Regarding plant theft

Confession: I am a plant thief.

Really.

If a plant has shoots growing out around the bottom, or leaves that look like they would root well, or seeds hanging out in the open, they will end up in my pocket headed for home. I can’t seem to help myself.

If you invite me over to your house, you’d better check your inventory good, both before and after. Some of it will be gone.

I am now banned from five states in the Midwest.

I have to label my starts by the place from which I took them, because I usually don’t know what they’re called until later. Alden Street rosebush. Willow Street bean trees. Grandpa’s nursing home plant. Spearmint from R— park.

And that doesn’t even touch the plants I actually ask for.

(Exhibit A entered into evidence:)

bean trees

(Exhibit B:)

spearmint

I don’t seem to have as many friends as I used to; I don’t get it. On the other hand, I have some really great plants…

You should probably help me think through the ethics of this, although I can’t say I’ll reform. What? You don’t think a blog audience is the preferred counselor of morality? Alright. If you don’t give me good advice, I’ll have to ask my pastor—but he’s upstairs right now.


* If anyone takes this post seriously, he or she will be buried alive in moist potting soil and then dug up and watered.

** If anyone does not take this post seriously, don’t say I didn’t warn you.

5 thoughts on “Regarding plant theft

  1. As to the ethics of this addiction…….
    If your conscience is being pricked, you could occasionally make a financial donation to a needy person in your community or make a freezer casserole for your pregnant friend.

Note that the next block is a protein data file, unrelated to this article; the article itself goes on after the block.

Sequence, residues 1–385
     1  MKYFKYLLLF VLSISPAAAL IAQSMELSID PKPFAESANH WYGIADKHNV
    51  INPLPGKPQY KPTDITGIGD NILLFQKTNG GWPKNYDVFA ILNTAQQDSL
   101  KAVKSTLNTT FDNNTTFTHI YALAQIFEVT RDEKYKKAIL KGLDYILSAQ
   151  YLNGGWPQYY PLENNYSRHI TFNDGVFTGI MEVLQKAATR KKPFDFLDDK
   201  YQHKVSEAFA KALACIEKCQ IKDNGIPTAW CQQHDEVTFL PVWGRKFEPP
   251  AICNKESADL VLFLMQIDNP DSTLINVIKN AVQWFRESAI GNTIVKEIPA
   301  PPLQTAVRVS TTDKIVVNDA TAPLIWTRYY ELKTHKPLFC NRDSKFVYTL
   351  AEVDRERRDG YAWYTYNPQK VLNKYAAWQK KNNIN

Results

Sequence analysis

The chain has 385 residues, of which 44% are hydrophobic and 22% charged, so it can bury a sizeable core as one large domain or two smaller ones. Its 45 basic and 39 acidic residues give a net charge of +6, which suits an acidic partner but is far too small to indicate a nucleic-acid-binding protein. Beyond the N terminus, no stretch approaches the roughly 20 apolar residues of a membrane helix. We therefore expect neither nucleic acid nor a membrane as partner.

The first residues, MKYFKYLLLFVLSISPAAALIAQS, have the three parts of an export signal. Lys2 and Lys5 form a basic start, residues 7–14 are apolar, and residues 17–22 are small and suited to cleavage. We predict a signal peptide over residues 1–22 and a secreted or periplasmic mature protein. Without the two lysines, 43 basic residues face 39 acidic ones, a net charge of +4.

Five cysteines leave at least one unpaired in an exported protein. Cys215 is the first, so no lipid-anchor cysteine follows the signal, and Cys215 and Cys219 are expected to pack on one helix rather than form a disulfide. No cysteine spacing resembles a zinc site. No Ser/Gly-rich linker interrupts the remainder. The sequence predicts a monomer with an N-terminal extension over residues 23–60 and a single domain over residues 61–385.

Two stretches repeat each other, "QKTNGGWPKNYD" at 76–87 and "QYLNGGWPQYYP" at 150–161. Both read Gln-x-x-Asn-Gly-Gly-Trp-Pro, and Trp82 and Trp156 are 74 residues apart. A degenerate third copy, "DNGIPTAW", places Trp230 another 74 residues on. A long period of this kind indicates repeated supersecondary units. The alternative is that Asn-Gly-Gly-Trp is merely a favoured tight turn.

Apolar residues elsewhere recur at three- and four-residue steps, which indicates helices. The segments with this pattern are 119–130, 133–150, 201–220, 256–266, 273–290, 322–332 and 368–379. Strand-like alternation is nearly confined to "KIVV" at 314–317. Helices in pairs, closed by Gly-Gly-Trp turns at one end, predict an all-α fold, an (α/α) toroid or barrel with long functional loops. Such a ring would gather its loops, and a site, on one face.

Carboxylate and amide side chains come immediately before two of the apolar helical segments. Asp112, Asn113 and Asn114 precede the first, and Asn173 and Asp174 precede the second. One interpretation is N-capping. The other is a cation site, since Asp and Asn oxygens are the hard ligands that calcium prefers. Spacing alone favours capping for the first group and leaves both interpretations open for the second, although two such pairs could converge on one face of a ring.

Just a suggestion…..

    being buried in moist cool soil sounds kind of appealing right now.

  2. This makes me laugh.

    Once upon a time, a woman pulled to the side of the road to rescue some lupines she thought were growing wild. She was stopped in her process of digging lupine plants by a frantic man on a four-wheeler who was shouting, “What do you think you are doing?” (While this woman’s children sat in the fifteen passenger van red with embarrassment saying, “Oh, moooooom!”)

    Yes, that’s my mum for you.

  3. LOL!!!! And all I have to say is ,. . . as long as you aren’t crossing certain borders with said plants in your pockets, you are probably good. . . and you aren’t banned from Ohio–at least, not my part of Ohio, cause you haven’t come to take any plants from me yet! I welcome you to come. We have mints in abundance, trumpet vines in abundance, and other things too. 😉

  4. I took home at least thirteen plants to my farm yard from Renita’s all in a little plastic sandwich bag one spring when we were out visiting. We went around just an hour or so before leaving for the airport and pulled little starts up with a little root, stuck them inside very wet paper towels, and put them into said sandwich bag and into my carry-on bag. for-get-me-nots, coral bells, purple bells, Russian sage with their beautiful fragrant lavendar blooms!! white flowered plant (can’t remember their name) yellow flowered, pink and red flowered! Yes, it was wonderful seeing them come alive each year, and was just a small connection with my daughter living 3,000 miles away!! I love the thought of spreading around the beauty!!

  5. Pingback: The Grandpa plant: remembering someone I loved - Confessions

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